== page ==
Imagi, the Hong Kong- and Los Angeles-based animation company, has raised a $20 million by issuing new shares. Cash infusion, from a group of U.S. property investors, is in addition to the $10 million raised earlier this month (Daily Variety, Sept. 5).

The two share issues go most of the way toward replacing the two $20 million subscriptions that Imagi had anticipated coming from Singapore investment group Oxley Spring Media in July. This month Imagi said Oxley investment chief Mark Pawley had failed to deliver the coin and Imagi would cancel his deal.

Operating under Mehta-Imagi banner the U.S. investors are paying HK$0.86 per share. That is a premium of 69% to the prevailing market price before the deal. Mehta-Imagi is managed by Chicago-based alternative investment advisers Prescient Advisors, and headed by property and technology mavens Isaac Austin and Tet Yamashita, who is a co-owner of NBA Development League team the Bakersfield Jam, and Silicon Valley investor Nitin Mehta.

After a complicated series of additional transactions and gifts Mehta-Imagi will control 16.8% of the group, Hong Kong property group Shui On group sees its holding boosted to 11% and Imagi’s controlling shareholder Sunni sees its holdings fall from 35.8% to 19.7%.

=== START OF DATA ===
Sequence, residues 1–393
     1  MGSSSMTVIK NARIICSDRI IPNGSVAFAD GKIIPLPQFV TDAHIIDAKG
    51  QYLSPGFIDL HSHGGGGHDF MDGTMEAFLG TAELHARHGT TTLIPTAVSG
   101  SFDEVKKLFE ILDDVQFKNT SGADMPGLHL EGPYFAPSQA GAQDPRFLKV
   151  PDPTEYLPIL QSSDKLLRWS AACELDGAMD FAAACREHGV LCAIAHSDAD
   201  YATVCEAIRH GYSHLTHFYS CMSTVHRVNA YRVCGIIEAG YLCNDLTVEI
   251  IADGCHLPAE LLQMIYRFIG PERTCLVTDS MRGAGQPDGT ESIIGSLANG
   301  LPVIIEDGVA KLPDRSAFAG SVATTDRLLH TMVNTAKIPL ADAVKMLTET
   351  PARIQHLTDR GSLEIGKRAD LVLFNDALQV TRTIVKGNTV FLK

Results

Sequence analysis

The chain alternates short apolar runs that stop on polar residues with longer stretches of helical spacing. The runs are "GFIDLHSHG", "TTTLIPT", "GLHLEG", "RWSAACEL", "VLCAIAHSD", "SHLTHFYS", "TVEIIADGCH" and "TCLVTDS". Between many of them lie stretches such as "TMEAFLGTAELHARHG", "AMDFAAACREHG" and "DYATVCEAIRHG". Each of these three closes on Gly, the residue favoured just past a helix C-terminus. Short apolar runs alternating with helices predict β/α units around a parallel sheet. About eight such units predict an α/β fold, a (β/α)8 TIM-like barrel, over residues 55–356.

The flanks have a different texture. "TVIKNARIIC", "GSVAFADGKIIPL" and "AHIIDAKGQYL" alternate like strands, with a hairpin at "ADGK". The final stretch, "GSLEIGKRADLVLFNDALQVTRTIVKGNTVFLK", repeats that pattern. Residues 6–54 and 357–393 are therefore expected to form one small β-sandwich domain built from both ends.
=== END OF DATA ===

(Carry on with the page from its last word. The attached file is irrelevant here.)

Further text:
The cash is needed to finance Imagi’s slate of four CG animation features each with budgets in excess of $30 million. Company is in production on “Astro Boy,” which is sold by Summit Entertainment, and “Gatchaman.” Company recently disclosed that it is in development on “Tusker,” an elephant adventure previously set up at DreamWorks Animation.

“Investors have been visiting our studios to see firsthand the quality and commercial potential of the films Imagi has in production. This investment round marks a major vote of confidence that our films will compete successfully with the best that Hollywood has to offer,” said Douglas Glen, CEO of Imagi.

“Imagi has put together a truly exciting package including world-class filmmakers, superior production economics, and the ability to reach both the traditional Hollywood market and the emerging Asian market. They have a real shot at becoming the next Pixar or DreamWorks Animation,” said Jeff Joseph of Prescient.